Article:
Fitness implies flexibility, strength and endurance. While strength and endurance are central components for most athletic training programs, most people neglect flexibility training.
Flexibility is defined as a joints ability to move freely in all directions, or more specifically through a full range of motion. For each joint, and for each activity, optimal range of motion is vital to peak performance.
Stretching is an investment in a very valuable asset – the flexibility of your body. For all of us, our bodies are our instruments for peak performance. This is true whether we are elite athletes or occasional exercisers. Stretching will enable your muscles to function at peak efficiency, reduce the stress that repetitive activity places on your joints and reduce the risk of injury.
Training in flexibility can also help to balance the muscle groups that might be overused during a training session or as a result of poor posture. In order to improve any system, an overload must be generated to that system. The same is true for flexibility training: the muscles must be overloaded to increase flexibility. The safest way to do this is a slow, sustained stretch such as yoga asanas.
Stretching the hips can alleviate back pain for many people, particularly cyclists who tend toward tight hips. Following are some stretches to open the hips, allow for more freedom of movement and release tension in the spinal column.
Warrior II Stance
Stand close enough to a wall so your right buttock touches the wall. Have your legs about 4 to 4 ½ feet apart, turn your right foot out 90 degrees and your left foot slightly in. Bend your right knee as close to 90 degrees as you can, keeping the left leg straight. Place a block or towel between your right knee and the wall and the do the same with the left leg. Press firmly into both props feeling an opening in both hips. Breathe and enjoy the stretch for a few minutes before changing sides.
To perform the Triangle Pose correctly, a strong contraction of the deep hit rotators is required to align the femur, knee and foot. Separate the feet about 3 ½ to 4 feet, turn the right foot out 90 degrees and the left foot slightly in. Feel a firmness in the right buttock and externally rotate the thigh to align the knee with the foot. Maintaining the elongation of the spine, tip the pelvis over the right thigh, reaching the right arm as far as you can, and allow the hand to rest on your shin, ankle or foot (wherever your comfort level is). After 5-10 breaths, switch sides.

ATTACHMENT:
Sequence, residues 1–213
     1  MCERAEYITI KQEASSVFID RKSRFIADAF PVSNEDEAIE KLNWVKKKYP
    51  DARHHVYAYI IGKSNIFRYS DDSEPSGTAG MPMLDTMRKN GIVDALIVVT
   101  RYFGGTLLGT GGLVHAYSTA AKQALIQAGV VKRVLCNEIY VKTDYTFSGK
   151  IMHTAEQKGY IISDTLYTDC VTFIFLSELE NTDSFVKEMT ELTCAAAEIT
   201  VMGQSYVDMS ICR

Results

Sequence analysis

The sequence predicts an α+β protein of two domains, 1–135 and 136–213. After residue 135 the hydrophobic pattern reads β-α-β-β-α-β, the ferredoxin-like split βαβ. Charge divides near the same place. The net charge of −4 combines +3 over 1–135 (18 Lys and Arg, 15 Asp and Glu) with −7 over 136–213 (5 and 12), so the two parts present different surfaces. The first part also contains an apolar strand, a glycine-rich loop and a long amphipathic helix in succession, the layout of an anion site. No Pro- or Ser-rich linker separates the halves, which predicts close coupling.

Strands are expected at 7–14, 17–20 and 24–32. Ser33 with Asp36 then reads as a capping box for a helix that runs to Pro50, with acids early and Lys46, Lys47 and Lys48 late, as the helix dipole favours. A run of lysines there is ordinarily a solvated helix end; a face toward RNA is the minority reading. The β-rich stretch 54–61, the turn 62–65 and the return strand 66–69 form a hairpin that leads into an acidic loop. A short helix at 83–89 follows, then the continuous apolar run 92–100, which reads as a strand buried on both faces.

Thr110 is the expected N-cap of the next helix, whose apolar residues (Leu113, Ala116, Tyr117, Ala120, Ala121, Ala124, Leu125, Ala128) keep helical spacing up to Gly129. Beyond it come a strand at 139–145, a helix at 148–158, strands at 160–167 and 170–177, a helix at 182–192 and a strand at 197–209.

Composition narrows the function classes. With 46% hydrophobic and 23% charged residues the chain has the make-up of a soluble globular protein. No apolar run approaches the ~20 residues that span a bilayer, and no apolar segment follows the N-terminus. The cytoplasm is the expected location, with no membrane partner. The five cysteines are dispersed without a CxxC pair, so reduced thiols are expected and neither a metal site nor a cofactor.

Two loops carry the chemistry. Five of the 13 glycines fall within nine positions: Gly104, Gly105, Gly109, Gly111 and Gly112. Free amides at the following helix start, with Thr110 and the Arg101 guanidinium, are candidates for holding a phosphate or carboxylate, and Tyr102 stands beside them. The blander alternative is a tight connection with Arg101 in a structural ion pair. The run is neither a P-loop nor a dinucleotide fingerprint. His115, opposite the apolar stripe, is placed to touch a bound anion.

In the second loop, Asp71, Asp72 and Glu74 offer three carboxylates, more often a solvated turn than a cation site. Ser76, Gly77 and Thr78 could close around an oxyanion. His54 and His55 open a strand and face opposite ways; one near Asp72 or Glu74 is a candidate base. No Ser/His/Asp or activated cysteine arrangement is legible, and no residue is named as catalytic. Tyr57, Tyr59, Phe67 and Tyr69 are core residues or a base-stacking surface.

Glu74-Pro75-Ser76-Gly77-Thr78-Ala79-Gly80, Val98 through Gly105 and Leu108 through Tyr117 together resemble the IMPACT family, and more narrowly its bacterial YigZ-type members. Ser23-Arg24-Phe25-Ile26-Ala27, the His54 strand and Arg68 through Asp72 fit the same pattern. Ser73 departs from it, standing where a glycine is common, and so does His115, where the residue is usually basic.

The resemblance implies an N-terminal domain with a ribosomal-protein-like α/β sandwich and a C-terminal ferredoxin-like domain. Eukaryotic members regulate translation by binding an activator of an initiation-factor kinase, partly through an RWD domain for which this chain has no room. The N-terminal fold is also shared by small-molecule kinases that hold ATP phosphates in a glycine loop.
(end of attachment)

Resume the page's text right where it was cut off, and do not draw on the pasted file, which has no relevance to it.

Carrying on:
Step back with the left foot, bend the right knee to a right angle (keeping the right ankle directly under the right knee) and carefully place the left knee of the floor. Place your hands on your right thigh and open through the right hip flexor. If you can, take your hands to the floor inside the right foot. Hold this deep hip stretch for 1-2 minutes before changing sides.
Bound Angle Pose
Bend your knees, bring the soles of your feet together and draw your heels in toward your origin. Clasp your feet with your hands and open your feet like a book, simultaneously, open your knees away from each other. Slowly fold forward hinging from the hips. Stay here for at least 1 minute breathing into the abdomen.
Bend both knees and place the right ankle on top of the left knee and right knee on top of the left ankle. If this is not possible for your body, place the right leg in front of the left leg in a tight crossed leg position. (Keep the right ankle as close to the left knee as possible). Hinger forward from the hips and breathe. After 2-5 minutes, switch legs.
Lie on your back and hold onto the outside of your feet. Pull your feet down opening the hips and draw your knees as close to the side of the ribs as possible. Keep your spine long and the tailbone pressing toward the ground. Breathe and hold the pose for 1-3 minutes.
(Story by Mary Jo Ketterhagen-Ida originally published in the August 2002 edition of Spinning® Instructors News. Photo cred: Former teacher at Industry)